But Amazon’s always been about the long game. Even when it was just getting started, the plan wasn’t to turn a profit for the first few years; when it finally did in 2001, the margins were awfully slim, at a meager $5 million on revenues of over $1 billion.
Moving to the cloud
Unsurprisingly, one of Amazon’s biggest earners in 2017 was its Web Services division, which offers cloud-based infrastructure in the form of servers, storage, distributed computing power, database management, and developer tools to a wide range of online businesses.
With its bouquet of more than 90 services, AWS generated $4.6 billion in net sales in Q3 2017, up from $3.2 billion last year. With that, it’s on track to rake in $18 billion this year. And while it’s hard to compare it to its rivals because they don’t all offer the same products, Amazon is offering serious competition to the likes of giants like IBM, Microsoft Azure, Oracle, and Google Cloud.
To stay in step with its competition, it launched Amazon ML Solutions Lab in November. The program connects machine learning experts (who are presently in short supply worldwide) from across the company with AWS customers to help figure out how their businesses can benefit from machine learning, and to guide them in building new machine learning-enabled products and processes.
In addition, it’s ramped up efforts to court China and Europe with the opening of two new AWS regions that can serve and crunch data locally: one in Paris, France, and another in the Chinese city of Ningxia. While the company already services numerous regions across Europe, its foray into China signals Amazon’s intent to grab a larger piece of the cloud pie, of which 80 percent is presently accounted for by local providers.
Out-innovating the competition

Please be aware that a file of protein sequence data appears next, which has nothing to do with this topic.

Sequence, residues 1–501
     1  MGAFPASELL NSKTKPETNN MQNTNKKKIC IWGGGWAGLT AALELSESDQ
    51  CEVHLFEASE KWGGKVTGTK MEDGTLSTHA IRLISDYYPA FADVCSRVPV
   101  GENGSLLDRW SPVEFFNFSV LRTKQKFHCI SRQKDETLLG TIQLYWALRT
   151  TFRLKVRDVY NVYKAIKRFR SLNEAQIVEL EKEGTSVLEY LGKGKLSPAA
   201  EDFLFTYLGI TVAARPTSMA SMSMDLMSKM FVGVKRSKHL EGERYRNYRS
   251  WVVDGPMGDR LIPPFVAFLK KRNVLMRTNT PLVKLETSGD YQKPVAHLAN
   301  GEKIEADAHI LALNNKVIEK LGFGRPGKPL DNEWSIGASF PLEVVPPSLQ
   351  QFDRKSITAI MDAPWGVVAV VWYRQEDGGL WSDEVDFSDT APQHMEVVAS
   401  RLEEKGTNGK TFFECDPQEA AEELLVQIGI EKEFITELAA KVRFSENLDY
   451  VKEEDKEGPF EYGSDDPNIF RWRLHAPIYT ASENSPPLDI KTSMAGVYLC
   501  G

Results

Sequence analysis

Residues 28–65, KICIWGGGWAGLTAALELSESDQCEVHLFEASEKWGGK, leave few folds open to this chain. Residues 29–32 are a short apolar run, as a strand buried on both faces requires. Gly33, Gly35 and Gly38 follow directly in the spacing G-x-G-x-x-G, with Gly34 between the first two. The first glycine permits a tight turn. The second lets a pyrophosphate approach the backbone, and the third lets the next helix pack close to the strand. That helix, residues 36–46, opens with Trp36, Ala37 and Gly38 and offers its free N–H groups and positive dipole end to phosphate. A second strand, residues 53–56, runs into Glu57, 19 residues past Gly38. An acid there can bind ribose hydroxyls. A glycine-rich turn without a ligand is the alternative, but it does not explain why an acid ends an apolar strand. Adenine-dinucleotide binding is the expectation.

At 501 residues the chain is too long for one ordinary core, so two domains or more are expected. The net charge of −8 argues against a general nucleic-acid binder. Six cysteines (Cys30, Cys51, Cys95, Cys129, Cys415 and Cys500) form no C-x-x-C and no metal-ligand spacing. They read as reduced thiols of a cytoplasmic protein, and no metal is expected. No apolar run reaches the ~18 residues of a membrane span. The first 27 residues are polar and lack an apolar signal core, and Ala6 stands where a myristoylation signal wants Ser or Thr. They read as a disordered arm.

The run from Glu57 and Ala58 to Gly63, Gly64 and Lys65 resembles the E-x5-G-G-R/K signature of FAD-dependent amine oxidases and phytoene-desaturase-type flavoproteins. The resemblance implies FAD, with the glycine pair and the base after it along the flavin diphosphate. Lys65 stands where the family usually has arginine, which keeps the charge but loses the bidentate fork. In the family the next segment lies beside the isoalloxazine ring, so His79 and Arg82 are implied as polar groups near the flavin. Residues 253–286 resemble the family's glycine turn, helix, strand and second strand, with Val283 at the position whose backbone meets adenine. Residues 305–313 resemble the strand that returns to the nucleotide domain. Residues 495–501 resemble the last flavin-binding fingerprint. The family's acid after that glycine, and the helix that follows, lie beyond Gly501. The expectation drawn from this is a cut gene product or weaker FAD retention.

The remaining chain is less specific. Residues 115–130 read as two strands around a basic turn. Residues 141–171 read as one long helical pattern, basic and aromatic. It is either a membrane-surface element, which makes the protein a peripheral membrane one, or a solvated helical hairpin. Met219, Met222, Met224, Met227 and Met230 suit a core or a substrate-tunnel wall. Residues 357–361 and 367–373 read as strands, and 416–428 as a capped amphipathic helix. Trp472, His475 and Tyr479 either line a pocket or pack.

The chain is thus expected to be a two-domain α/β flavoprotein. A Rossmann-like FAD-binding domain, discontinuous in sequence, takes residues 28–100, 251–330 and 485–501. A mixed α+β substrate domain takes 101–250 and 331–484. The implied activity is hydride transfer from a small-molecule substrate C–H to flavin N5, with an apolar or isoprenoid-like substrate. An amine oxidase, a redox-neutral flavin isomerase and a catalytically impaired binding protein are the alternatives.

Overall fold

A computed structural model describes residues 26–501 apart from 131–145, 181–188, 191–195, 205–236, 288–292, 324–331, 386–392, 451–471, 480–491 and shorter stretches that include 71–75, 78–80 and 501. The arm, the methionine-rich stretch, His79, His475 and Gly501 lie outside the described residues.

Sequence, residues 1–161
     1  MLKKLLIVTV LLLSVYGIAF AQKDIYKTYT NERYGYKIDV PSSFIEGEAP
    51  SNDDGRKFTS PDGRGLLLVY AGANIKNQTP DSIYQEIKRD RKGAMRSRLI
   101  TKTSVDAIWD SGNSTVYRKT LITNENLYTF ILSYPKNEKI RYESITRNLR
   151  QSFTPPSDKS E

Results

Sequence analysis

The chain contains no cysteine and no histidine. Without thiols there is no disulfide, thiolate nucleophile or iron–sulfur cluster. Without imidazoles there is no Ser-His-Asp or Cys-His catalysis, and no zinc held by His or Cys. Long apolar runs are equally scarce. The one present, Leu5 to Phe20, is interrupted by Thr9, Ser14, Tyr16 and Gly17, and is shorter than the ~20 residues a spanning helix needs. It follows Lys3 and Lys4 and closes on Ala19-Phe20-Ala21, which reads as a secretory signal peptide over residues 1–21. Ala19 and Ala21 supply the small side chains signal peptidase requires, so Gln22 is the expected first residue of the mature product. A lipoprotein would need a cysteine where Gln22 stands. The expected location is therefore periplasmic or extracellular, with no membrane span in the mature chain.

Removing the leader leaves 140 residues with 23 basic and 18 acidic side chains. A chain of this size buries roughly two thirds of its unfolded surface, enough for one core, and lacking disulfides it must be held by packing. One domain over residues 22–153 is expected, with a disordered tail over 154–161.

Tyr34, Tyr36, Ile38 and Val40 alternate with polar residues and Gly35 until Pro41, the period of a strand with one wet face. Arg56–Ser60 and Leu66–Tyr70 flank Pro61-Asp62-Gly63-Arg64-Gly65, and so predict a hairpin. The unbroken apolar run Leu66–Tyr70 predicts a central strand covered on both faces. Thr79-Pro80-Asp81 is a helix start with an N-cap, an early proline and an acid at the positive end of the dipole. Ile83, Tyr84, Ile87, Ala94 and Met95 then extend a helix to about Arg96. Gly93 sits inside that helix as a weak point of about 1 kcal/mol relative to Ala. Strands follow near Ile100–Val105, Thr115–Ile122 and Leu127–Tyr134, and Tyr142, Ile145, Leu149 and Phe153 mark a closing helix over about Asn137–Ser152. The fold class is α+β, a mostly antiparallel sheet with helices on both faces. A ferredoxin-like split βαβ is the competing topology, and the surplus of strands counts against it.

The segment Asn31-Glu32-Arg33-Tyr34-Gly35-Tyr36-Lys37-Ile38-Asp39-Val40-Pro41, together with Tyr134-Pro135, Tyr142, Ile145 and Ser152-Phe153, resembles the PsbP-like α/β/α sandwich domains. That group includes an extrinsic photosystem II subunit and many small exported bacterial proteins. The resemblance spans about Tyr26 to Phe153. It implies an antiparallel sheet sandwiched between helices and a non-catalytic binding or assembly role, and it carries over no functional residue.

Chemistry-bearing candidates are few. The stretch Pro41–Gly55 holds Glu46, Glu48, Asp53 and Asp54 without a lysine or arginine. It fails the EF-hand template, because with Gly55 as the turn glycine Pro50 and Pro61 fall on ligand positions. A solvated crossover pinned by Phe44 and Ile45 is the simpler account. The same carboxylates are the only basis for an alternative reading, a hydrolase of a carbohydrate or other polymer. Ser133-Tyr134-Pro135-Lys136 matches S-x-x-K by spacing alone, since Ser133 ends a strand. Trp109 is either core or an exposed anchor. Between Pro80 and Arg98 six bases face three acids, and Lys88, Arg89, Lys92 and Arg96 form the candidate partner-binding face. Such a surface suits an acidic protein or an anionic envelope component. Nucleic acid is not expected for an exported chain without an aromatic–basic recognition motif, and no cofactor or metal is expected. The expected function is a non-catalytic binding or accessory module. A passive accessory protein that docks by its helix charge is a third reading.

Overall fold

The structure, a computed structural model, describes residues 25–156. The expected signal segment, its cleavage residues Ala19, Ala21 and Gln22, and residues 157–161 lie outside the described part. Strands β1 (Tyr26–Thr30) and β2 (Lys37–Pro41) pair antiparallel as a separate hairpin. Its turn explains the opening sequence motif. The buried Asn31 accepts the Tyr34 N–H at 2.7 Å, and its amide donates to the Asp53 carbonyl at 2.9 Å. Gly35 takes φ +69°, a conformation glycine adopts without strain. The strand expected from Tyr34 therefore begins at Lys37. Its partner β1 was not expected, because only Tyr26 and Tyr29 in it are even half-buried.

Beyond its massive reach, Amazon is widening the gap between itself and its retail competitors with ingenious (and sometimes over-the-top) ways of getting customers to shop more.
Since 2014, the company’s been hawking its Echo range of smart speakers, which are powered by its voice-activated assistant, Alexa. The service answers questions about your schedule, current affairs, and the weather, streams music on demand, controls your connected appliances, hails you a cab, and orders household essentials for you – all without a screen in sight.
Combine that with the Prime plan that promises faster and cheaper shipping than usual, along with a recently rolled out subscription to let children order stuff, and you have a recipe for an all-encompassing shopping ecosystem for the whole family.
Amazon previously launched Dash buttons, which are labeled with household essentials brands, and can order refills with just a press, whether that’s detergent, baby wipes, or Cheez-Its. Earlier this year, the company also unveiled its $20 Dash Wand, which is essentially like a handheld Alexa remote that you can stick to your fridge.
And if you want more of Alexa around the house, there are now six different devices to choose from, including three speakers, two screen-equipped gadgets, the Echo Show and the Echo Spot, and a camera; the last one, dubbed the Echo Look, takes pictures of you in your outfits and rates your sense of style, based on current trends and how your clothes suit your body type. Its strategy seems to be working: according to Consumer Intelligence Research Partners, Amazon Echo has outsold Google Home by three times in the US this year (PDF), having clocked 20 million units compared to Google’s 7 million. For its next trick, the company is said to be working on smart glasses that have Alexa built in.